5. Reviewing licensing boards

While some oversight and licensing will always be necessary, Iowa may be going too far.  The legislature should not throw all occupational licenses out the window.  They should, however, review all existing licenses to determine if licensure is still needed, and if so, determine if the licensing requirements are still appropriate (and competitive) for the occupation.

Read more at taxrelief.org
Contact Your Legislators

ISSUE UPDATES

Spending Limit
A bill to amend the Iowa Constitution by including a spending limit passed through a Senate subcommittee on a 2-1 vote this week. Senators Mark Costello and Carrie Koelker voted for it with Senator Joe Bolkam voting against the resolution.

ITR’s Victoria Sinclair spoke at the meeting and said, “SJR 2 is a needed protection for Iowa’s financial health. While Iowa code restricts the legislature to spending 99 percent of the revenue collected each year, future legislators can easily pass a new law to increase or override this cap. A constitutional amendment is the strongest way to control the future growth of government spending.”

Read more at The Iowa Standard
Contact Your Legislators
Inheritance Tax Repeal
The Senate subcommittee on eliminating the inheritance tax was canceled Tuesday due to a scheduling conflict. ITR was informed the Senate still intends to pursue this policy initiative at a later date this legislative session.
Contact Your Legislators

POP QUIZ

In the 1950s 1 in 20 workers needed a license to work for pay. Out of 20 workers today how many need a license?

Answer at the bottom of this email

PREVIOUS ITR EMAILS

Will the inheritance tax finally kick the bucket?
Read Feb 1 Watchdog Email
Iowa hit by Washington D.C.’s mismanagement
Read Jan. 25 Watchdog Email

ON THE AIR

Thursday, ITR President Chris Ingstad was on the WHO Radio’s Simon Conway program. They discussed property tax reform.

In Conway’s segment introduction he said, “The authorities that take our property taxes, they spend too much money. They spend way too much money the only way to make them go on a diet is to cut off the source.”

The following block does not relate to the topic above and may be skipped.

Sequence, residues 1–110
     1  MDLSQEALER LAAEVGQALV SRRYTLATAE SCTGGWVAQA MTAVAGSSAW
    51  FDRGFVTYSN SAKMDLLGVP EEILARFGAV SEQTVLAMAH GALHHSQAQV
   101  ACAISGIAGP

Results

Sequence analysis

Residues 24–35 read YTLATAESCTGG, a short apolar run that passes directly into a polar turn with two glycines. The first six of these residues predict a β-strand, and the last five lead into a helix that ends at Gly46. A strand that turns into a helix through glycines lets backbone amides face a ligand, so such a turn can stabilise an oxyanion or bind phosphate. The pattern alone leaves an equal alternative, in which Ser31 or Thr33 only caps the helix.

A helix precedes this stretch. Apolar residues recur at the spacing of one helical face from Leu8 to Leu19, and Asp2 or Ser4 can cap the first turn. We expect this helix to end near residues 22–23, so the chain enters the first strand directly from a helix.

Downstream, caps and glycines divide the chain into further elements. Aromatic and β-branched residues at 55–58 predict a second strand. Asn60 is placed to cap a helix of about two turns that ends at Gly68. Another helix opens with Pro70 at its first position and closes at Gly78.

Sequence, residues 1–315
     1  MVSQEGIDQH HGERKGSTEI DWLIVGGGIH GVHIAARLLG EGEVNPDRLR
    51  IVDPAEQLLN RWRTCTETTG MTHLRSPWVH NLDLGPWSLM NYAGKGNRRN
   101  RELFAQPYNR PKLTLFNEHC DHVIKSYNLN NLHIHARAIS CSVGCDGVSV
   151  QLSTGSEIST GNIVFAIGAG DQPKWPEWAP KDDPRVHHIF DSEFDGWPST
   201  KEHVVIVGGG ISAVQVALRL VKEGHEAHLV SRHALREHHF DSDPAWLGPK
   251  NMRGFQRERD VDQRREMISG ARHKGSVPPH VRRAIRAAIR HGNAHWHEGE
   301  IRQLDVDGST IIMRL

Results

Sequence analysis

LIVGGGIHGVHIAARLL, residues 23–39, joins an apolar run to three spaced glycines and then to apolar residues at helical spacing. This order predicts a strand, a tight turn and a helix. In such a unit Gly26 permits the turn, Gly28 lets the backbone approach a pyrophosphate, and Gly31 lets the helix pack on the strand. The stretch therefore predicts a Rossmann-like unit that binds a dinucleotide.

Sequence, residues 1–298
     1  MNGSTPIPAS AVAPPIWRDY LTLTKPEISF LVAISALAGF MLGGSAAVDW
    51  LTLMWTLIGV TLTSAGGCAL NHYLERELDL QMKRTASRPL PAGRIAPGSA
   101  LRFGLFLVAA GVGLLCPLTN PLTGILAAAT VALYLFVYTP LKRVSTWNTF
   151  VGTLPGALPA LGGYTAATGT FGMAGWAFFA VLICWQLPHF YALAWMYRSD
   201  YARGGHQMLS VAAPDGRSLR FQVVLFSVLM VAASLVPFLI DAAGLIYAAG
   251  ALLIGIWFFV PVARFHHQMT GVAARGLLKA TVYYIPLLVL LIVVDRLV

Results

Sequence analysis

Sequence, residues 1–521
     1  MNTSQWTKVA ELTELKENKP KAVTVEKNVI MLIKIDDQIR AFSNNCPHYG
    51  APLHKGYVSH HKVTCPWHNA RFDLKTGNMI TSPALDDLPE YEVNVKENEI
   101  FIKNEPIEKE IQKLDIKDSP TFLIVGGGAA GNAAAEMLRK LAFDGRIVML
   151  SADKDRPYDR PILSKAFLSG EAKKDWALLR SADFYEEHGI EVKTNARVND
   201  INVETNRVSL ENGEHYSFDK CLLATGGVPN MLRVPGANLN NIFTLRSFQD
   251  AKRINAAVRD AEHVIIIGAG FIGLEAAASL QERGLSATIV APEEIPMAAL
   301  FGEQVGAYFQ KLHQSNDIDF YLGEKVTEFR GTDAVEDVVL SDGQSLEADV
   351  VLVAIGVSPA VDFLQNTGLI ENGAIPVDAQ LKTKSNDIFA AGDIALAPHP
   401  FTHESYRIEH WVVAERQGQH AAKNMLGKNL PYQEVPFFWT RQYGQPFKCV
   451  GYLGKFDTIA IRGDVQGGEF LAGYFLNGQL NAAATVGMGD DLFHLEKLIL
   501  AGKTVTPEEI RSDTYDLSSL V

Ingstad added, “We need to get to the root of the problem which is local government spending and find a way to slow that down.” He later shared ITR’s proposed solutions and answered a few questions from callers.

Click the link below to listen to the entire interview.

Listen to ITR on WHO Newsradio 1040

SIMON’S NEXT GUEST: THE GOVERNOR

Governor Kim Reynolds was next on the Simon Conway Show. Simon reminded her that property tax reform was not part of her condition of the state address.

The governor replied, “I said at the end of the condition of the state that I want to continue to work with this legislature to look for opportunities and ways to reduce taxes on Iowans. I had already spoke with members of the House and Senate. They indicated they had an interest on really working on property taxes and how we can reduce the impact on our elderly population, our small businesses, our farmers, and Iowans in general. Hopefully we can get something through this legislative session and get it to my desk.”

When talking about last year’s income tax reform she said, “Maybe, if the economy continues to grow like we are seeing, we could even expedite some of the tax cuts we put in place.”

NEWS LINKS

Is a four percent raise enough? Not for the city of North Liberty.
Read Tax Education Foundation Article
Senate Panel Advances Republican Plan For K-12 Funding Increase
Read Iowa Public Radio Article
Iowa educators, students will get ‘serious money’ under tentative deal, lawmakers say
Read Des Moines Register Article
Stop blowing smoke: Snuff out a tobacco tax increase
Read Tax Education Foundation Article

POP QUIZ ANSWER

Question: In the 1950s 1 in 20 workers needed a license to work for pay. Out of 20 workers today how many need a license?

Answer: 6 out of 20. Almost 30 percent of jobs today require a license.

Source: Institute for Justice

SHARE THIS EMAIL

Step 1 – Think of friends and family who are smart and think like you.
Step 2 – Forward this email.
Step 3 – Know you made a difference for Iowa taxpayers.

Tell them to sign up for free at:

JoinITR.org
 Or simply text “ITR” to 31996
It’s easier for politicians to yield to noisy special interest groups when the taxpayer keeps quietly paying the bills.
Copyright © 2019 Iowans for Tax Relief, All rights reserved.